The concept of human personhood occupies the central place in Zen'kovskii's philosophical system. Every human being, in his view, is unique and experiences a different combination of genetic, social, and spiritual influences. Acts of freedom that are rooted in the metaphysical depth of one's self also constitute an inalienable part of the human person. Without divine grace such freedom, however, almost inevitably leads humanity to evil. The original sin that limits the creative potential of free will finds its manifestation in the "split between reason and heart." Hence, the purpose of human life consists in the restoration of lost spiritual wholeness through the church. Accordingly, the main task of any pedagogical efforts must be directed to helping the young generation in its efforts toward such a spiritual transformation.
Zen'kovskii's theological teachings are collected in his Apologetika (Apologetics; 1957), which aims at defending Christian worldview against the challenges of modern culture and science. Here as elsewhere it is hard to dissociate Zen'kovskii's religious views from his philosophical argumentation. The work addresses a variety of issues from the dogmatic question of creation to the controversial problem of freedom. When facing the paradox of freedom versus evil, Zen'kovskii joins many other Russian thinkers, including Nikolay Aleksanrovich Berdyayev, in arguing that human freedom is totally unrestricted. In Apologetics he points out that "freedom is a true freedom only if it is unlimited—in it is God's likeness" (1997, p. 406). He adds, however, that, the "Lord can commit to death, total destruction those individuals who resist a complete harmonization of being" (p. 229).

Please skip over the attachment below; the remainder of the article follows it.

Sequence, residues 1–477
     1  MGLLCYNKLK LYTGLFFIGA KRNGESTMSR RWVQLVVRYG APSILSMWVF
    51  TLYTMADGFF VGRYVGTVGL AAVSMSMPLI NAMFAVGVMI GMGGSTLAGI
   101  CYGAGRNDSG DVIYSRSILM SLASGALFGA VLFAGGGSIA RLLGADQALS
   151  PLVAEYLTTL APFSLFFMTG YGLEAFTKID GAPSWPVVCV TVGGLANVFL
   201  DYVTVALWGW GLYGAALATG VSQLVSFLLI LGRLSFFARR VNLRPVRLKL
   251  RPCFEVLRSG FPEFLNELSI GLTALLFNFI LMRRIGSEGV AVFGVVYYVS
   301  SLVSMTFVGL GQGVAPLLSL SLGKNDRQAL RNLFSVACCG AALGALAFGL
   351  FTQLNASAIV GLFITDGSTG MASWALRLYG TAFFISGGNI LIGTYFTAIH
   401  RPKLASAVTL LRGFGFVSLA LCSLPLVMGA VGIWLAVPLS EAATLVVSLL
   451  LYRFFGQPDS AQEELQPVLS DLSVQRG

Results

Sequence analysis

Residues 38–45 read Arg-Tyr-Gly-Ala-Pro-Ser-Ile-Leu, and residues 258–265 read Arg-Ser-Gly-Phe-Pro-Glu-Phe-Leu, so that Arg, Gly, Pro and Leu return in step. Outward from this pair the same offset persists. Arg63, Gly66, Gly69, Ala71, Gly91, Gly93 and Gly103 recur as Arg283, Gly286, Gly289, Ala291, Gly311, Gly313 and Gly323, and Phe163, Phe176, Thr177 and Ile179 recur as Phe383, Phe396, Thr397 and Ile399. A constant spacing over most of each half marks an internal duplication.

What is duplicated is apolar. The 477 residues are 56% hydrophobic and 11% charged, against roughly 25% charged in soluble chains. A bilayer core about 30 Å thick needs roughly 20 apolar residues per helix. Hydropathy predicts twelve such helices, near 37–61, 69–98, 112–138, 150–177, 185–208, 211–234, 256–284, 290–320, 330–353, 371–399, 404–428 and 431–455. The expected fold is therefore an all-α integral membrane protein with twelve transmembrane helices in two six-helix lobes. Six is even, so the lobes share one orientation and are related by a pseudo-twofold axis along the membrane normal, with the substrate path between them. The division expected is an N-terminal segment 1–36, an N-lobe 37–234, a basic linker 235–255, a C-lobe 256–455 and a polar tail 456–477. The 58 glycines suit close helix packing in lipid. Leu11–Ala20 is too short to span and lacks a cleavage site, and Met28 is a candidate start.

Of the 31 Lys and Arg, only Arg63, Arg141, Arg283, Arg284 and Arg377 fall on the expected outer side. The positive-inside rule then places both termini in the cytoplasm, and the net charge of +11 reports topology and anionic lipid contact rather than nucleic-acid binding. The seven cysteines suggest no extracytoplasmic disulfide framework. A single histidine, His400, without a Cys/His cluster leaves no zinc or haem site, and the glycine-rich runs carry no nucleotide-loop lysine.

While Berdyayev in his philosophy questions divine omnipotence to proclaim the ultimate power of freedom, Zen'kovskii believes in the all-powerful God but seems to undermine God's all-goodness by forecasting a complete extermination of the wicked in the future. He refers to the authority of the Bible, according to which the "second death, i.e. annihilation awaits those who will not want to come back to God" (1997, p. 302). This interpretation reveals some of the aspects of Zen'kovskii's Orthodox Christian thought that today's readers may find rather conservative, if not fundamentalist.
See also Berdyaev, Nikolai Aleksandrovich; Bulgakov, Sergei Nikolaevich; Determinism and Freedom; Durkheim, Émile; Freedom; Freud, Sigmund; Lopatin, Lev Mikhailovich; Marx, Karl; Philosophy of Religion, History of; Russian Philosophy; Solov'ëv (Solovyov), Vladimir Sergeevich.
works by zen'kovskii
Problema psikhicheskoi prichinnosti (The problem of psychic causality). Kiev, Russia: 1914.
Russkie mysliteli i Evropa (Russian thinkers and Europe). Paris: YMCA Press, 1926.
Dar svobody (The gift of freedom). Paris: 1928.
Problema vospitaniia v svete khristianskoi antropologii (The problem of education in the light of Christian anthropology). Paris: YMCA Press, 1934.
Istoriia russkoi filosofii. 2 vols. Paris: YMCA Press, 1948–1950.
Osnovy khristianskoi filosofii (Principles of Christian philosophy). Moscow: Kanon, 1997.
works on zen'kovskii
Lossky, N. O. History of Russian Philosophy. New York: International Universities Press, 1951.
Sapov, Vadim. "Zen'kovskii, Vasilii Vasil'evich." In Russkaia filosofiia. Malyi entsyklopedicheskii slovar' (Russian philosophy: A small encyclopedic dictionary), edited by A. I. Aleshin, 202–205. Moscow: "Nauka," 1995.
Mikhail Sergeev (2005)